Harvard Book Store welcomes leading urban planner and scholar ALEX KRIEGER for a discussion of his new book, City on a Hill: Urban Idealism in America from the Puritans to the Present. This event is co-sponsored by Mass Humanities.
The first European settlers saw America as a paradise regained. The continent seemed to offer a God-given opportunity to start again and build the perfect community. Those messianic days are gone. But as Alex Krieger argues in City on a Hill, any attempt at deep understanding of how the country has developed must recognize the persistent and dramatic consequences of utopian dreaming. Even as ideals have changed, idealism itself has for better and worse shaped our world of bricks and mortar, macadam, parks, and farmland. As he traces this uniquely American story from the Pilgrims to the “smart city,” Krieger delivers a striking new history of our built environment.
The Puritans were the first utopians, seeking a New Jerusalem in the New England villages that still stand as models of small-town life. In the Age of Revolution, Thomas Jefferson dreamed of citizen farmers tending plots laid out across the continent in a grid of enlightened rationality. As industrialization brought urbanization, reformers answered emerging slums with a zealous crusade of grand civic architecture and designed the vast urban parks vital to so many cities today. The twentieth century brought cycles of suburban dreaming and urban renewal―one generation’s utopia forming the next one’s nightmare―and experiments as diverse as Walt Disney’s EPCOT, hippie communes, and Las Vegas.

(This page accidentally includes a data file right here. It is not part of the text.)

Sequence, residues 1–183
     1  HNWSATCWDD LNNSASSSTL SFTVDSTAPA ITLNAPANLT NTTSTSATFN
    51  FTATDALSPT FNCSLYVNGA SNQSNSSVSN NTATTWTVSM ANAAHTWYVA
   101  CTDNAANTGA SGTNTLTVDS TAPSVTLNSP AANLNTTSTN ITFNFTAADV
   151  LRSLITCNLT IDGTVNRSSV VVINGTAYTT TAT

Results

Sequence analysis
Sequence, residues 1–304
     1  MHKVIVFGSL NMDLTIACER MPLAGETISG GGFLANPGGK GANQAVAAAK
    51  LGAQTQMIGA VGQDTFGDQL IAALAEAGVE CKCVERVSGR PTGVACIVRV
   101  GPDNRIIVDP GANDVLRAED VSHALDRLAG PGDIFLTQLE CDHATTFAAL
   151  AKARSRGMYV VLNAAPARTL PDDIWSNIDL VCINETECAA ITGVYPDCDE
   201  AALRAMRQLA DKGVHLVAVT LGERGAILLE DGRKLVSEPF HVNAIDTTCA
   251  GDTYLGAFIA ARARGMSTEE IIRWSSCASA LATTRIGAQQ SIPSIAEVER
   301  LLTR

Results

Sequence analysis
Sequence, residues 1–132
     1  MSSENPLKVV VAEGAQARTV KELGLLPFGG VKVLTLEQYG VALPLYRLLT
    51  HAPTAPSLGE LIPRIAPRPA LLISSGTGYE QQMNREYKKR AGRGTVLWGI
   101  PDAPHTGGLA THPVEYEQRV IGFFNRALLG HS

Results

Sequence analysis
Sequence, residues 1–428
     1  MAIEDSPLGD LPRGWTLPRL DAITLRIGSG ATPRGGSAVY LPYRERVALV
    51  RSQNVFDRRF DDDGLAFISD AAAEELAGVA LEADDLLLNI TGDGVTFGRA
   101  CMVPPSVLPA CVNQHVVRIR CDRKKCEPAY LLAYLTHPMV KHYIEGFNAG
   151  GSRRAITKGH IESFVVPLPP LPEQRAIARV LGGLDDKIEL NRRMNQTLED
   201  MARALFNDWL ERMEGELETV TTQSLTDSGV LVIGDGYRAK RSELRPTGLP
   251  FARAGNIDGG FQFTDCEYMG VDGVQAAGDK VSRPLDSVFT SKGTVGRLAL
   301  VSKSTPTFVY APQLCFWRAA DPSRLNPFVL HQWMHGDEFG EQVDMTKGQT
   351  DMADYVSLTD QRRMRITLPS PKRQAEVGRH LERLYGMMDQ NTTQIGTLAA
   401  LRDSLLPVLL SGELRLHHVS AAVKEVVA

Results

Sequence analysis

Krieger’s compelling and richly illustrated narrative reminds us, as we formulate new ideals today, that we chase our visions surrounded by the glories and failures of dreams gone by.
“Alex Krieger offers a lively and highly readable account of how, from the colonial era onward, Americans’ utopian dreams have shaped our cities and can today provide hope for a more just, sustainable, and beautiful future. It is a most welcome view of a persistent strain of aspiration and optimism in our national life.” ―Drew Faust, President Emerita, Harvard University
“In City on a Hill, Krieger brilliantly demolishes the myth that the ideals of America are somehow rooted in the countryside and disconnected from our cities. He has written not just a history of American urbanism but a history of our attitudes toward cities, reminding us how profoundly our cities, for all their failings, reflect our aspirations. It is a story he tells with such richness and nuance that this book becomes, for all intents and purposes, a history of America itself.”
―Paul Goldberger, architecture critic and author of Ballpark: Baseball in the American City
“Panoramic, original, and insightful, City on a Hill is a genuine achievement, and reflects and embodies Krieger’s decades-long involvement both with urban design and American urban history. This book deserves to be the most widely read comprehensive history of the American city.” ―Robert Fishman, Taubman College of Architecture and Urban Planning, University of Michigan
Certain books were “banned in Boston” at least as far back as 1651, when one William Pynchon wrote a book criticizing Puritanism.